Private schools seek to educate more deprived pupils

Financial Times, 01.12.16, some institutions have been pursuing their own attempts to improve access to education

Controversy swirls constantly around the principle of selection in education, and how it is practised, at schools and universities that are oversubscribed. The pledge by Theresa May, UK prime minister, to return to the argument over expanding academically selective state grammar schools has revived old battles over the nature of educational ability, achievement versus potential and whether institutions are best serving the goal of improved social mobility as well as excellence.

Quietly, however, some private schools have been pursuing their own attempts to improve access through partnerships with innovative taxpayer-funded school networks, and by expanding a new model of bursaries for boarders.

The experiments provide a model that other schools and colleges could follow in seeking to prove that they spread the benefits of the education they provide to the wider public — a key test of their status as charitable foundations.

Last month, the first inspection report from Ofsted, the education watchdog, praised a sixth form academy set up in 2014 by the prestigious Westminster School and the Harris chain of academies for establishing “an environment in which students thrive in a community of scholars”. For two years running, half the students who stayed until school-leaving age have secured places at leading universities.

Selected via an entrance exam and interview, priority is given to pupils entitled to free school meals, the standard measurement for child deprivation in the UK. In both years there are around 30 per cent in this category.

James Handscombe, the principal, tweeted that he was “appropriately chuffed” by the inspectorate’s glowing report. Patrick Derham, Westminster’s headteacher, says he is “absolutely thrilled” at the swift success. “Seven terms into the project it’s outstanding on all counts and we had seven Oxbridge places this year.”

Mr Derham’s central London school, mostly boys but with girls admitted to study A-levels, charges high fees for what has become a funnel to the top: half of all Westminster pupils go on to study at Oxford or Cambridge.

Critics say the Harris Westminster Sixth Form uses public money to reinforce the reputation of a top institution not lacking in advocates or profile: Labour MP Margaret Hodge called it an expensive “vanity project”. Such critics should be answered, says Mr Handscombe, if he can equal Westminster’s Oxbridge entrance rate and see his own pupils in top government posts: “Then we’ll have better people running the country.”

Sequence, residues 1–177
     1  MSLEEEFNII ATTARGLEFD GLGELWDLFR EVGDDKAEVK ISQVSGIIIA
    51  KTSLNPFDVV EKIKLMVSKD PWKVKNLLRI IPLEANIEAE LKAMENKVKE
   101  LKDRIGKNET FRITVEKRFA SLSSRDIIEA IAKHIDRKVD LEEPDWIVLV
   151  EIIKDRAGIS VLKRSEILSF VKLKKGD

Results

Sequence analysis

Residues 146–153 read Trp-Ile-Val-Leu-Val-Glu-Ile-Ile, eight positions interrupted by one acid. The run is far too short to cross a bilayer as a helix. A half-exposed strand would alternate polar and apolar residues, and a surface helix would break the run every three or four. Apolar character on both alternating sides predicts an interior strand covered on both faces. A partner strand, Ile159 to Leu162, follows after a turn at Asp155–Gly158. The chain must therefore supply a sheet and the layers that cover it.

Mr Derham, himself rescued from a difficult childhood by a scholarship to private school, is unrepentant about schemes to spread excellent pedagogy, alongside wider reforms such as improved vocational and technical education, and better pre-school provision for children.

“Tinkering with school structures isn’t the answer,” he says, in an implied rebuke to the continuing political punch-up. “All the data show it’s the quality of the teacher and it’s what happens in the classroom.”

In his previous role as head of Rugby School, Mr Derham established the Arnold Foundation, which radically expanded scholarships: the school selected boys and girls for whom boarding provided a better environment for learning than a sometimes turbulent home life.

That model has since been adopted by the SpringBoard Foundation, set up in 2012 after McKinsey consultants provided pro-bono research on how to scale up the scheme. SpringBoard now helps both private and state boarding schools take children from deprived backgrounds, particularly those in care homes.

“We do an enormous amount of due diligence,” says Ian Davenport, a former investment banker who left the City to become an economics teacher and now runs SpringBoard: “Being at boarding school is not for everyone.” But he argues that there are benefits broader than the boost to education and life chances. So far 200 or so pupils have taken part. The scheme provides “110 per cent bursaries” (fees plus all extra costs).

“There is also the subtle but important nuance that the more socially broad the careers that our pupils then follow, the greater the effect on social mobility,” he says. An independent evaluation of the scheme by the National Federation for Educational Research, just published, points to a positive “ripple effect” on the schools and communities from which the pupils came, with young people “acting as positive role models and inspiring others to follow in their footsteps”.